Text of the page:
Staying ahead of the Curve at Slough’s Arts Award Leadership Network event
Date Created: 18th Apr 2018
On the 15th of March, many different organisations gathered together in the relatively new complex at the Curve, Slough for another Arts Award Leadership Network event. The day featured a Lego vehicle-designing session (followed by a race amongst the finished creations), designing of wearable technology, and experimenting with different VR platforms. Our Artsmark & Arts Award Apprentice, Meg, tells us more about the day’s events.
Anna Jones, Director of The Curve, gave a welcoming introduction to the day, featuring a Stephen Hawking quote, acknowledging the late physicist’s death and simultaneously setting the tone for a day of creative science activity.
Jones handed over to David Pallash, Lego’s Senior Manager of Social Responsibility and Child Engagement. He discussed how fortunate he feels to be able to travel the world advocating for the importance of play. He got attendees involved through a stomp and clap exercise to demonstrate “a musical version of coding”, and described his practice of providing a large group of children with the same set of lego pieces and asking them to “create a duck”. Pallash explained that no two ducks were the same, citing it as an example of how play and creativity are essential to growing young minds. The exercise shows how one brief can return a variety of results because of humanity’s ability to use initiative, whilst still fulfilling the same request.
Next, Miranda Millward of Oxford University Museums explained her work, which has seen her run Arts Award programmes for children to connect with and achieve through museums and heritage settings. She gave a recent example of how they had facilitated a young person who wanted to achieve their Silver Arts Award through the Museum of the History of Science. As part of their Award, the young person created a short film that explained the use of an orrery (a mechanical model of the solar system), on permanent display in the museum.
Following this, Noelle Ally from Science Oxford discussed her project in partnership with OYAP Trust, in which 11-15 year-olds designed wearable technology. This was designed with the purpose of how it might benefit someone with a disability. Inventions included a hat that could indicate to blind people if something was in front of them, due to the design being light sensitive/reactive. Another garment had been created to help a range of disabilities that impair communication, using a button that bleeped on demand to help prevent such issues for the wearer. In addition to gaining an Arts Award, the young participants also received a Crest Award, helping to recognise and celebrate the fusion of science and art.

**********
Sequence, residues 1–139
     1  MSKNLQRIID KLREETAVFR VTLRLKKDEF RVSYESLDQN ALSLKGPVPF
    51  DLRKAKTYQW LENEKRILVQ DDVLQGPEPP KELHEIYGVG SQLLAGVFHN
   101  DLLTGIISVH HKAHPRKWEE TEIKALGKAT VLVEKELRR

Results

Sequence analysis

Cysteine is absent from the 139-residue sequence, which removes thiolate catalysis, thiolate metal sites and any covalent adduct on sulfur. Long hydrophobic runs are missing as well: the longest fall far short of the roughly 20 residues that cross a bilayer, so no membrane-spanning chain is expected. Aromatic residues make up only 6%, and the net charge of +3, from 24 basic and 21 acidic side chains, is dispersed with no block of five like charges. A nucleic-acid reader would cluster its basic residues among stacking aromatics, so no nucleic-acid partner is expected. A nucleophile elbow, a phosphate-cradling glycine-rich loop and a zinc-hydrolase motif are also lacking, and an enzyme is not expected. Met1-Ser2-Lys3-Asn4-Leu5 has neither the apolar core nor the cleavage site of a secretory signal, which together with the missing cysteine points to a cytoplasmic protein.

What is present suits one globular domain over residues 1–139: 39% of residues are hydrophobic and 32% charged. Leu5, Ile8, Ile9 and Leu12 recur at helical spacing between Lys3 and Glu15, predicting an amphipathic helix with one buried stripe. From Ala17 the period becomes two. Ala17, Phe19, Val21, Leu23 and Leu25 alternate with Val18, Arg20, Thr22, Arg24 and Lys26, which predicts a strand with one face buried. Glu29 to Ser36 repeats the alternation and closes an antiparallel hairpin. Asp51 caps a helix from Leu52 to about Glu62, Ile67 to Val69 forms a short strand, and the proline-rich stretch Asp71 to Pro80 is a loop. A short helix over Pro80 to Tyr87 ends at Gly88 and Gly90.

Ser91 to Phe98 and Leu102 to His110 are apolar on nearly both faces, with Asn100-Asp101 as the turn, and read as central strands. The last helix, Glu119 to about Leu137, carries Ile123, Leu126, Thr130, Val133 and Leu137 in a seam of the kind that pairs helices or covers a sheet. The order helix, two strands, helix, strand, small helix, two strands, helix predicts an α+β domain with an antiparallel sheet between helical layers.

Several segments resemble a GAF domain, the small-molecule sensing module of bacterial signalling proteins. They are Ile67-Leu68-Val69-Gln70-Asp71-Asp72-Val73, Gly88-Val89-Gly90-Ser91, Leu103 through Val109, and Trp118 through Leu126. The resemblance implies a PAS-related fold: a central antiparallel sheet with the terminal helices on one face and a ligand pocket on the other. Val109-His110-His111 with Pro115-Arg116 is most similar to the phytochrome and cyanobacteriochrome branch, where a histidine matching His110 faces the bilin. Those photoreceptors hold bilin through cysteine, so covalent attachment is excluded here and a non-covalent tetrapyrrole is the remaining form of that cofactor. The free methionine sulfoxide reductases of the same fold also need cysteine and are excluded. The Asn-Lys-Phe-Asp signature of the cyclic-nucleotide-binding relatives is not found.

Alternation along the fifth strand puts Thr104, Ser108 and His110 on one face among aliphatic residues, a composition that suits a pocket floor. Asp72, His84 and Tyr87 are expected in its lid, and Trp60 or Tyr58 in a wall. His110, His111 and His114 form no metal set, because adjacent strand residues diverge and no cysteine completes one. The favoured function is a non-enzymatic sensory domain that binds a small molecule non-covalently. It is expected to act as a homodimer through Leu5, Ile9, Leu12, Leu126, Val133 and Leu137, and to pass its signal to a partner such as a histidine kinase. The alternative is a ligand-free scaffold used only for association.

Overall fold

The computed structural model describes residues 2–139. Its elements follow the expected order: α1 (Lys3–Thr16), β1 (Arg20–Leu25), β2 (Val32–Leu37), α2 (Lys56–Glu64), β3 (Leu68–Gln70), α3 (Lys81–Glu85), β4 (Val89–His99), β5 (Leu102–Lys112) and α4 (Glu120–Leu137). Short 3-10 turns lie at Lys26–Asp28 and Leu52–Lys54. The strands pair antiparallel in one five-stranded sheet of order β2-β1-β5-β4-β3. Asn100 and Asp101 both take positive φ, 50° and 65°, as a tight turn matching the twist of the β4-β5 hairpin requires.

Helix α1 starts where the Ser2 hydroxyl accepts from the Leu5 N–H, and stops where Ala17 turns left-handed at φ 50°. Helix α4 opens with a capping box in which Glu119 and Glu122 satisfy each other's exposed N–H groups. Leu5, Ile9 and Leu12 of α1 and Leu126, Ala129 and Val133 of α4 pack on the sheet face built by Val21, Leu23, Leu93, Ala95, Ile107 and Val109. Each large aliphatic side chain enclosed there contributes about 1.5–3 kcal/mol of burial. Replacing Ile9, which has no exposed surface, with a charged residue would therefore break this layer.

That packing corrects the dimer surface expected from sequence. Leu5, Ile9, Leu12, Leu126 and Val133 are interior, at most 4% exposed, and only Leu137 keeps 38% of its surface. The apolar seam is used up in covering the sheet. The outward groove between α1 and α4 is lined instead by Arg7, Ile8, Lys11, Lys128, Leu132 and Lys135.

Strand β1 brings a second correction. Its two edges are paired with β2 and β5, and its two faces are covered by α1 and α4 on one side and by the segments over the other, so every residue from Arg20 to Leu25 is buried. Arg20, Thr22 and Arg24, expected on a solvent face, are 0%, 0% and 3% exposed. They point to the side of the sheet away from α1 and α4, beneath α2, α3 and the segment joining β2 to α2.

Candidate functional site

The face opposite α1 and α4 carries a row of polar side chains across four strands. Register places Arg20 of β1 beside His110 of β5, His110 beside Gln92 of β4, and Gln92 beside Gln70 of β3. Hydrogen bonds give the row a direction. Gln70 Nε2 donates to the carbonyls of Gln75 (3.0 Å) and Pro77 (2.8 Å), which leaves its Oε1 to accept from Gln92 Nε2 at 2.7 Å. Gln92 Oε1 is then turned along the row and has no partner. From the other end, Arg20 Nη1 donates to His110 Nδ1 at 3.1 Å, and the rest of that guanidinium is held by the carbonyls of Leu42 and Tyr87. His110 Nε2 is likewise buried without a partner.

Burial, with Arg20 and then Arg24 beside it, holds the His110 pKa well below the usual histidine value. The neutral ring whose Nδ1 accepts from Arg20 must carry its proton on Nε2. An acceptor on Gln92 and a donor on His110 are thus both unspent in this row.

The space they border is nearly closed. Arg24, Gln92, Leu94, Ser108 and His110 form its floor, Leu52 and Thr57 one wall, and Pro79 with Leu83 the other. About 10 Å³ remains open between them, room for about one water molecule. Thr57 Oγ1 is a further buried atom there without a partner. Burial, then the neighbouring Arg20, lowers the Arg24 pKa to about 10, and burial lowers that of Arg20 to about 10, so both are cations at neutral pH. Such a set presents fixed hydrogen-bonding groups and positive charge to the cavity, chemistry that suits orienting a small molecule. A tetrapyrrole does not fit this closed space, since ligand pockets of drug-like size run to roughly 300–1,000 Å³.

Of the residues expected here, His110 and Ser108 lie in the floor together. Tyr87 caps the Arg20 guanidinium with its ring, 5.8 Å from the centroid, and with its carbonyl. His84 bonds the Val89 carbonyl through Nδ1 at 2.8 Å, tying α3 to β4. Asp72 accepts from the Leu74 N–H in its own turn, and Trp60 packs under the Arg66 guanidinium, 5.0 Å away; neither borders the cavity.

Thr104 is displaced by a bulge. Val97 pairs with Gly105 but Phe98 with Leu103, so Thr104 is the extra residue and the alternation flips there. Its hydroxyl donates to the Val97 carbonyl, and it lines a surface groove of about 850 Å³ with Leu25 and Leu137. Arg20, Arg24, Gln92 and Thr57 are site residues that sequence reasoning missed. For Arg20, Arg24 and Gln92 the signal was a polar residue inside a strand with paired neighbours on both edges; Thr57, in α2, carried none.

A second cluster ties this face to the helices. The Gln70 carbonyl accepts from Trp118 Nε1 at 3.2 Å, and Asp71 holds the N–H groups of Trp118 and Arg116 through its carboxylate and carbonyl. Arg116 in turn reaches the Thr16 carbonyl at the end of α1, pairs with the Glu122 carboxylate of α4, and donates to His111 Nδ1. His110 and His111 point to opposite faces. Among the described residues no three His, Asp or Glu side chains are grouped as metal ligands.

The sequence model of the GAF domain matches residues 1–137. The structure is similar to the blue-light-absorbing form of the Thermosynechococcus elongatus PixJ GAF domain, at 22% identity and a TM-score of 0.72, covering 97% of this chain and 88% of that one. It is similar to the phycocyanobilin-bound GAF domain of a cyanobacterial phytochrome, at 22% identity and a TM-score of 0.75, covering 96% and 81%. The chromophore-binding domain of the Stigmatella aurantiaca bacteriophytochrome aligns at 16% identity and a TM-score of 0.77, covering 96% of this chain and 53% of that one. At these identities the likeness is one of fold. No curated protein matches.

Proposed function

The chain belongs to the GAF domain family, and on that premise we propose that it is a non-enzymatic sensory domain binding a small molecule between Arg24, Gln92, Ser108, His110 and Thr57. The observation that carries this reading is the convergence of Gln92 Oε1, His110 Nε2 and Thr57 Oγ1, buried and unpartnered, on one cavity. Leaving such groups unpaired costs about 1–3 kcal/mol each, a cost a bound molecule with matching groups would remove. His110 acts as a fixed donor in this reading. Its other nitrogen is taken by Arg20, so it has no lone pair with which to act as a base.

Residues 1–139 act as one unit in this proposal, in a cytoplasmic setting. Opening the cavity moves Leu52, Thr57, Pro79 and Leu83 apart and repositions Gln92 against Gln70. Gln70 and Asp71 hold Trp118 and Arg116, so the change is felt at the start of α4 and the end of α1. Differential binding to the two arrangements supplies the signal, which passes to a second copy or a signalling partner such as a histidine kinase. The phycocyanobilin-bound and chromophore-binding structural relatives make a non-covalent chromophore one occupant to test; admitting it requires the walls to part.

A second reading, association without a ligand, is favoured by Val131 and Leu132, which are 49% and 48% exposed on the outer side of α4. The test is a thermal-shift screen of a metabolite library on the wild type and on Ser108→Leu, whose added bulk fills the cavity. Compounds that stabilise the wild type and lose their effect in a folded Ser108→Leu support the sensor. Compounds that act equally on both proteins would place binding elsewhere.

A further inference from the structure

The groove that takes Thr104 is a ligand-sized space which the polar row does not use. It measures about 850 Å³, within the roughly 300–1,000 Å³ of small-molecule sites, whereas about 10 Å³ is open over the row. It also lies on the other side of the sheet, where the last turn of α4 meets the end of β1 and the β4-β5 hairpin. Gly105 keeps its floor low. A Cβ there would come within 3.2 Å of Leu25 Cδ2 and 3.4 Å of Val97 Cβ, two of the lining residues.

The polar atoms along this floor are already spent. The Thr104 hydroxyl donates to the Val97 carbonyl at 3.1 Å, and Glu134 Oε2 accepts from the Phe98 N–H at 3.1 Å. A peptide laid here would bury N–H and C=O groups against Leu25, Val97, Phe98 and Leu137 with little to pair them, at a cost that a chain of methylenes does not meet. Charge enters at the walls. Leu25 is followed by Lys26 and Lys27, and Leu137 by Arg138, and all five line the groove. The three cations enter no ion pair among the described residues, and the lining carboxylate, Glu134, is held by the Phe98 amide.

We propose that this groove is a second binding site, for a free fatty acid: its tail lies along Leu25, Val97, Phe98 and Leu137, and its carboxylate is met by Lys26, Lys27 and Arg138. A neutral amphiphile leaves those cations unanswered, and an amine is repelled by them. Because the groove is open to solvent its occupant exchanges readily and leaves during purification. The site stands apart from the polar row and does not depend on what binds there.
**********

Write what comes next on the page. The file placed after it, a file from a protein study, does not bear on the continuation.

Following the talks, attendees were invited to take part in different workshops. One was led by Noelle Ally and continued the theme of wearable technology. A second, led by David Pallash, had participants designing and racing electronic Lego vehicles. The third workshop, led by Josh Godfrey of Slough Museum and Artist Jay Younes, gave people the chance to try on newly-designed VR headsets and be immersed in a new world, that of an apartment in the Swiss Alps.
As the different workshops drew to a close, attendees gathered in the main hall for a closing keynote speech from Emma Weitkamp, Associate Professor in Science Communication at UWE. Weitkamp is currently involved in a project with EPSRC, creating a series of Science Comics. She spoke of her intentions of combining science with the art of comics to make it more appealing to young children. Working with Illustrator Frank Burnet, Emma wrote the comics to tell the story of a young character, Selenia, to promote the importance of scientific inquiry in primary schools.
The event closed with a brilliant piece from Poet Mohammed Basith Awan, on things we should all consider when looking up at the stars – a very fitting tribute to the art that science displays for us in the natural world.
Find out more about Arts Award and how you can use it to brighten the futures of children and young people here